of the El Rey
one of Kelco's several kelp cutters, the El Rey harvested three
feet of the kelp canopy from Point Conception to Mexico.
The design of this unusual vessel gave it an interesting
appearance. The El Rey's
harvesting blades and kelp transport mechanism were mounted on the bow,
topped off with a small booth for the operator atop of the transport arm.
The superstructure was located on the stern and housed the crew,
the engine room and provided storage. The pilothouse occupied the top portion of the superstructure and
was accessible through catwalks on either side.
pilothouse's location facilitated the carrying of some 300 tons of kelp
amidships. six ballast tanks were used to keep the El Rey
her 35-year career, the El Rey spent so much time at sea that she
was also used to study marine life, assist other vessels in need, and
occasionally recover bodies. some 3600 voyages and traveling more than 810,000 miles, the
aging vessel was retired in 1981 and destined for the scrap yard.
El Rey was saved from the scrapping when the San Diego Council of
Diving Instructors and The California Department of Fish and Game
developed an artificial reef program.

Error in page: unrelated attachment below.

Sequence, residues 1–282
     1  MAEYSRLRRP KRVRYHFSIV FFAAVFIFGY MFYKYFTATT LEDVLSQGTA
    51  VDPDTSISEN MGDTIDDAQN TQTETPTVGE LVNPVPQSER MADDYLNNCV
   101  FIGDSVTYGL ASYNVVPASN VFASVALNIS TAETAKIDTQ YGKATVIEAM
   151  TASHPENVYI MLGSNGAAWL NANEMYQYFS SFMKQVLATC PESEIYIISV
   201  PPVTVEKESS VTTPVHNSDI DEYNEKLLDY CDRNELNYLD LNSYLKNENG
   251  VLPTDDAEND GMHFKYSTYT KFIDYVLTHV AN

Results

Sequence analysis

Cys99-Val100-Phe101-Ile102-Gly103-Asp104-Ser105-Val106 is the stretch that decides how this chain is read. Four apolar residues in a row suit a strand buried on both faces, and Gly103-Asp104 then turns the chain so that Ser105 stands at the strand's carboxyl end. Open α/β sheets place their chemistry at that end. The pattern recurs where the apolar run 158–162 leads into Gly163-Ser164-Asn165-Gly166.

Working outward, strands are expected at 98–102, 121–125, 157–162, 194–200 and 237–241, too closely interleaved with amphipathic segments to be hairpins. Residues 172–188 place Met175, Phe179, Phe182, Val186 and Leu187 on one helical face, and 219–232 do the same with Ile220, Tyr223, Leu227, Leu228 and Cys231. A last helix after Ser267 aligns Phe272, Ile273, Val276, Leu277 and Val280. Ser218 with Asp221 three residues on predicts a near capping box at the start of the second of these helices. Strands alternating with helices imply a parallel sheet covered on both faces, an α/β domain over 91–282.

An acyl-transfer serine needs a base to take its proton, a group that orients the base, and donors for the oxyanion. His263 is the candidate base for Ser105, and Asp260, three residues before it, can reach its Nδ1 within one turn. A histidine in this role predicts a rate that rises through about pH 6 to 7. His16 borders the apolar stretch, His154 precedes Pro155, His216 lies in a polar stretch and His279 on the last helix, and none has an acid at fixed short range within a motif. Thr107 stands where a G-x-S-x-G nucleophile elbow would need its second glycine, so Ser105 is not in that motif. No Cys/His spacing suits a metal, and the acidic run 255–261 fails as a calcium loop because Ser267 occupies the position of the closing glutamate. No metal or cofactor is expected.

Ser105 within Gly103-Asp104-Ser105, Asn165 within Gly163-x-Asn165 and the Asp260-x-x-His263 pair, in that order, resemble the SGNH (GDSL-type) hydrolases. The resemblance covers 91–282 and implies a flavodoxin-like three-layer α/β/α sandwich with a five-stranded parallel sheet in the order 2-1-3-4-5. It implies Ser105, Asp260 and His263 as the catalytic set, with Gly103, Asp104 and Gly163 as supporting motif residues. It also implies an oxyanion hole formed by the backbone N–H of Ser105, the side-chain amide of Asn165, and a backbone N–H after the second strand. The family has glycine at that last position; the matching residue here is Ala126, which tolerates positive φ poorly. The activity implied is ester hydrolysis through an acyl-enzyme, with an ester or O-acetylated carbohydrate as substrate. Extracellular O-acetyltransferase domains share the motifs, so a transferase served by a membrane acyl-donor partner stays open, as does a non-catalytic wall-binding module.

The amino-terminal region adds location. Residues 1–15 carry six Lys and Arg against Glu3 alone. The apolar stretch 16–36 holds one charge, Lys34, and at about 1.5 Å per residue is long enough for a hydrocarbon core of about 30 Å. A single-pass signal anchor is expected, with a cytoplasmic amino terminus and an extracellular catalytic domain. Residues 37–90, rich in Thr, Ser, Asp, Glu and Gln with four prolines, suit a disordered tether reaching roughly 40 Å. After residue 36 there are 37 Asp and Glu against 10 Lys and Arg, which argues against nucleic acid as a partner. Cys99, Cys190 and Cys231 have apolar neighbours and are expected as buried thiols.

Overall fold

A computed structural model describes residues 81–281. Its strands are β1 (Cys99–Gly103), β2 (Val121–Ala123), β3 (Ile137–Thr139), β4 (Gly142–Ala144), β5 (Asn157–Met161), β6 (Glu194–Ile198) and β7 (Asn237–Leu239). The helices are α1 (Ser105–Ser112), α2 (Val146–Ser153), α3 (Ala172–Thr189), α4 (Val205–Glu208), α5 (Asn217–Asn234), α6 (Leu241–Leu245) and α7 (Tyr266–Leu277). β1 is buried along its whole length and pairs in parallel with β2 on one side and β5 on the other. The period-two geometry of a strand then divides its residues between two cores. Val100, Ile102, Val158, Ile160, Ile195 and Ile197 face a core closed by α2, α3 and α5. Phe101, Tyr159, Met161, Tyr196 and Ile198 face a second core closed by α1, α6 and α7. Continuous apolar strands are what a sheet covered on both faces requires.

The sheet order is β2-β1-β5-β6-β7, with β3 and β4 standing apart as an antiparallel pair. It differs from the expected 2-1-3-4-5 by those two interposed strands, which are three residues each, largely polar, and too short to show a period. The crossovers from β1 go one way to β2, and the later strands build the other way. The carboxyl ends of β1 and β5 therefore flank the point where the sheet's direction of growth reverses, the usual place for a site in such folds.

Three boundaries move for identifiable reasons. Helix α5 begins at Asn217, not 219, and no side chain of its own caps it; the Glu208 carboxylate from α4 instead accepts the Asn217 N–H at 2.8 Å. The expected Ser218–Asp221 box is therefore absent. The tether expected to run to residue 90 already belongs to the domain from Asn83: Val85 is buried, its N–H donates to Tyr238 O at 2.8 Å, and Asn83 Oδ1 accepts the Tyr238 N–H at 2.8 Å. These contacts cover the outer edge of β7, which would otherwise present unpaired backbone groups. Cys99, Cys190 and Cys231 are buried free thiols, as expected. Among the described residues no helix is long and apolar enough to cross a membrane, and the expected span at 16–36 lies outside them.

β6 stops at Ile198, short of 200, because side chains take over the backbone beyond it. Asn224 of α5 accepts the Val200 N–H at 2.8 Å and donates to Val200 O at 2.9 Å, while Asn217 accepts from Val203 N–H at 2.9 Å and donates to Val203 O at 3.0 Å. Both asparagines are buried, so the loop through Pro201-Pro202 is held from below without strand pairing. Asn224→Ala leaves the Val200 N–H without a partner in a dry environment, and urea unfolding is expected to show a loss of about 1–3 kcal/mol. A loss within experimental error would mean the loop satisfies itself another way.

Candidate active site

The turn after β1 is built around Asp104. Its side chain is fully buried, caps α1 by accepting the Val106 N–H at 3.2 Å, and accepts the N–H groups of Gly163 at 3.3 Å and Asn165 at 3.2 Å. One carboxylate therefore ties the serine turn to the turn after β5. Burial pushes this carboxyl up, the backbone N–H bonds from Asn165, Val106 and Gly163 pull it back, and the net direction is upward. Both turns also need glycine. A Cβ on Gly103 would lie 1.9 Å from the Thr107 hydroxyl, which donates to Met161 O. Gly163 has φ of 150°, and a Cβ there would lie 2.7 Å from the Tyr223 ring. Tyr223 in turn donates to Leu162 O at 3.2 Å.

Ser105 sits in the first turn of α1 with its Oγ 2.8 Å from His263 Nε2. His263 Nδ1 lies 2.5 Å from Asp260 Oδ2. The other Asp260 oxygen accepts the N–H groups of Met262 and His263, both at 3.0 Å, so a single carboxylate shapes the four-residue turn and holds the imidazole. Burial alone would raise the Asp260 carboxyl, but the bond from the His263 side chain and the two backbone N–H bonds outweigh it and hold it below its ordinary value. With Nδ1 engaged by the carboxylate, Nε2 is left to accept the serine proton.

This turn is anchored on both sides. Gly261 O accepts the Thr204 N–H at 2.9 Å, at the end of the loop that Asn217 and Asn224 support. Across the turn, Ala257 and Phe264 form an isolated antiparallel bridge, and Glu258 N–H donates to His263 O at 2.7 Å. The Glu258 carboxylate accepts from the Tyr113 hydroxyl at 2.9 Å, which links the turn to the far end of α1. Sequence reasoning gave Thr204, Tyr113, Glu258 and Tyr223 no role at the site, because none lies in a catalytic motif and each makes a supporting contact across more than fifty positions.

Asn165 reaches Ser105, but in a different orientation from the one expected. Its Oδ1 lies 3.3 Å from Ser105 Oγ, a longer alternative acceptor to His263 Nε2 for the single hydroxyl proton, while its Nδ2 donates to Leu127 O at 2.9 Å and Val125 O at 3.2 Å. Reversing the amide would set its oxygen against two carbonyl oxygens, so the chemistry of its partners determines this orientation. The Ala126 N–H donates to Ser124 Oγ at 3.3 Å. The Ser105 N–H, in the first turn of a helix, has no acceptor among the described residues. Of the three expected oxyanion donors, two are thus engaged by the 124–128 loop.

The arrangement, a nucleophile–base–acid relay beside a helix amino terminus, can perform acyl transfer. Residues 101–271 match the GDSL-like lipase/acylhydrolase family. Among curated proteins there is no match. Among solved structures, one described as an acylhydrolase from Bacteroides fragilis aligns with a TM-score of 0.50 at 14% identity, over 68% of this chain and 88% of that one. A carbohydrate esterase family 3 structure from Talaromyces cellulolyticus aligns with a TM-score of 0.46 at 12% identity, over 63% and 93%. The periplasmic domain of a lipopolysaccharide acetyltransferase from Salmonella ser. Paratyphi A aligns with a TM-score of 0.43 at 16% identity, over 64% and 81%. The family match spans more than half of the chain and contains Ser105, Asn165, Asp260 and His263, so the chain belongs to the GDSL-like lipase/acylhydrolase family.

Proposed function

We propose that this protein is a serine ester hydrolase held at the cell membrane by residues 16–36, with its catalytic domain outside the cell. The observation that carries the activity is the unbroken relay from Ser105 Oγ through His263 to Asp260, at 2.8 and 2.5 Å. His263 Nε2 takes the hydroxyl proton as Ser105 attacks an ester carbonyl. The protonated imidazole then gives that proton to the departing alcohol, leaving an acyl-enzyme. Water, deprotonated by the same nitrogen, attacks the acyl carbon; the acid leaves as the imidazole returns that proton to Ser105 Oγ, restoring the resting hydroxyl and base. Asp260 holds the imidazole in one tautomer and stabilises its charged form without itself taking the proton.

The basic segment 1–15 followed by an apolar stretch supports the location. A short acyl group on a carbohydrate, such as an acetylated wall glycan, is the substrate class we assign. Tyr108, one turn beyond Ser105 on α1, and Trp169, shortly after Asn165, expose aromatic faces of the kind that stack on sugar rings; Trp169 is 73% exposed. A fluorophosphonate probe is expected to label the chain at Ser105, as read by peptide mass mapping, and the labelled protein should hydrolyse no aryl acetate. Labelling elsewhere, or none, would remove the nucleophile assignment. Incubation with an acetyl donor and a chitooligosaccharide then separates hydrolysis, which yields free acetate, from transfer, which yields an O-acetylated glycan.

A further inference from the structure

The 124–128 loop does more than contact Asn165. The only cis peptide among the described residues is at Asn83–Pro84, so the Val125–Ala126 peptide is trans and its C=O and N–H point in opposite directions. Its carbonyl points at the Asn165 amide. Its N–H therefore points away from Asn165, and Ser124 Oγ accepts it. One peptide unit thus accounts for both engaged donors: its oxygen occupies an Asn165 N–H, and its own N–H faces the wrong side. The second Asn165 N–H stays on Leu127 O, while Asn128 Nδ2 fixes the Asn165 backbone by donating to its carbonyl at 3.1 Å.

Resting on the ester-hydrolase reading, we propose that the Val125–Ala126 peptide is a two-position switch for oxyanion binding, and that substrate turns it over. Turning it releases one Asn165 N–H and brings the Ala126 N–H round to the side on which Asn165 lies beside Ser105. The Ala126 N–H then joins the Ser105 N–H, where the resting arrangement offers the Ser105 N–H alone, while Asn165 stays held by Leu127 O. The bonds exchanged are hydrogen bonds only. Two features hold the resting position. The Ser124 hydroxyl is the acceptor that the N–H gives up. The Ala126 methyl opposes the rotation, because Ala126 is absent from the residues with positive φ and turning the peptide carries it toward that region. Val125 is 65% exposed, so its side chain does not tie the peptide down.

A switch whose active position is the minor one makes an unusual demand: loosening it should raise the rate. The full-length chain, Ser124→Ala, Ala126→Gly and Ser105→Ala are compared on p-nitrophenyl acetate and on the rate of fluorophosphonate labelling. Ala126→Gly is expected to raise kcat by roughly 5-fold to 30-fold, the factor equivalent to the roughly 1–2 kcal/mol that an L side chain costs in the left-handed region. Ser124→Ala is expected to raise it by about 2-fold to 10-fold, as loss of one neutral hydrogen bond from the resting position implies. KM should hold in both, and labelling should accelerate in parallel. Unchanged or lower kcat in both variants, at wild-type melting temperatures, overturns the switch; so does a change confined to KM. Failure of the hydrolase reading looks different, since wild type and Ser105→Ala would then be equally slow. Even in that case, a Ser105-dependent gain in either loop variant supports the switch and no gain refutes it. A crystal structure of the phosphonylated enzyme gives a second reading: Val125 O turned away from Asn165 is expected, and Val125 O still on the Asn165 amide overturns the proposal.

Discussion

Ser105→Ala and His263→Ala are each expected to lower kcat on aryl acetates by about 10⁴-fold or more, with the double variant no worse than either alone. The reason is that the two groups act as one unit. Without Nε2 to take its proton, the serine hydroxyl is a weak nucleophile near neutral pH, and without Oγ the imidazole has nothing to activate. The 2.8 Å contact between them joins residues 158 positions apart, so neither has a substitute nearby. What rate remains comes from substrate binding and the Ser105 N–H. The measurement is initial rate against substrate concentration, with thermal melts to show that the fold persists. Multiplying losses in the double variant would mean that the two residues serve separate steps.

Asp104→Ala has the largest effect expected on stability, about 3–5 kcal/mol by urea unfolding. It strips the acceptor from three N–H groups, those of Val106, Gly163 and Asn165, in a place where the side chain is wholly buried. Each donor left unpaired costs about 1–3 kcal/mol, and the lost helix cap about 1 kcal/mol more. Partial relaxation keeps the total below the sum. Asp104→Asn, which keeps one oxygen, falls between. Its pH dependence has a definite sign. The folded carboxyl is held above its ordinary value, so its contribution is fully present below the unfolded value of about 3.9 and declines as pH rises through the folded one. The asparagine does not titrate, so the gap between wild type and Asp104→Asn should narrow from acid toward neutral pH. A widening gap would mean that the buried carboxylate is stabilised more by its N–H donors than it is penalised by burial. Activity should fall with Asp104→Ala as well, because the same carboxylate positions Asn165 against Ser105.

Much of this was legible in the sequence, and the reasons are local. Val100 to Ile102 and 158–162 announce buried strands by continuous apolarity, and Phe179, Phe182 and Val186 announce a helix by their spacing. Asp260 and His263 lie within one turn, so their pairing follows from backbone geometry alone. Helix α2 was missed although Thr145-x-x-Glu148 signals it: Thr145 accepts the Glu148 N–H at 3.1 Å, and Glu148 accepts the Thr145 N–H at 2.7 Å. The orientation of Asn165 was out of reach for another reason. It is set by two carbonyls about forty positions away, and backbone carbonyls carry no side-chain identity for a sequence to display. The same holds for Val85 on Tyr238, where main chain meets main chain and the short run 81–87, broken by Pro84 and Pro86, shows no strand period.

Kelco donated the retired ship, providing it be made “diver
safe” and “cleaned” to prevent environmental contamination.
engines, machinery, and oil were removed,
several large holes were cut in the deck to allow easy entry and
exit for divers.
April 2, 1987, the El Rey was towed to the mission beach. Before a
large crowd, a U.S. Navy Demolition Team attached explosives to her hull
and with great fanfare detonated them.
The El Rey quickly and quietly slid below the surface and
began her new life as an artificial reef.
Diving the El Rey
sinking, San Diego's newest wreck came to rest upright on the bottom. The kelp cutting mechanism and the rudders were pushed deeply
into the sand. he years, heavy swells and currents have taken their toll and many
areas of the superstructure and hull have collapsed.
A few areas of the wreck can be penetrated, but the
wooden superstructure has badly deteriorated. However, the
wreck provides a great opportunity for photographers as there is an
abundance of marine life swimming around and living inside the wreck.
Visibility is best in the morning, before the afternoon winds and
currents stir up the silt in water and reduce visibility.
A yellow Fish and Game buoy usually marks the site, however, it
lies in a high traffic area and it is suggested that ascents and descents
be made via anchor chain or buoy line.
average conditions, the dive may be classified
as an intermediate dive. However, low visibility, currents, and
surge may turn the wreck into an advanced dive.